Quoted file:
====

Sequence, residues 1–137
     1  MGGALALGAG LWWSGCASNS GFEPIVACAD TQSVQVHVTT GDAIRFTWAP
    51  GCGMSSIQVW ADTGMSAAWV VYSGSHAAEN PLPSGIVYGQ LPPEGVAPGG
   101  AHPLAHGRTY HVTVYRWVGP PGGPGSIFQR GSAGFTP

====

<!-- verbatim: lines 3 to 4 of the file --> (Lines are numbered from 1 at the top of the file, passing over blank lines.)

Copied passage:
    51  GCGMSSIQVW ADTGMSAAWV VYSGSHAAEN PLPSGIVYGQ LPPEGVAPGG
   101  AHPLAHGRTY HVTVYRWVGP PGGPGSIFQR GSAGFTP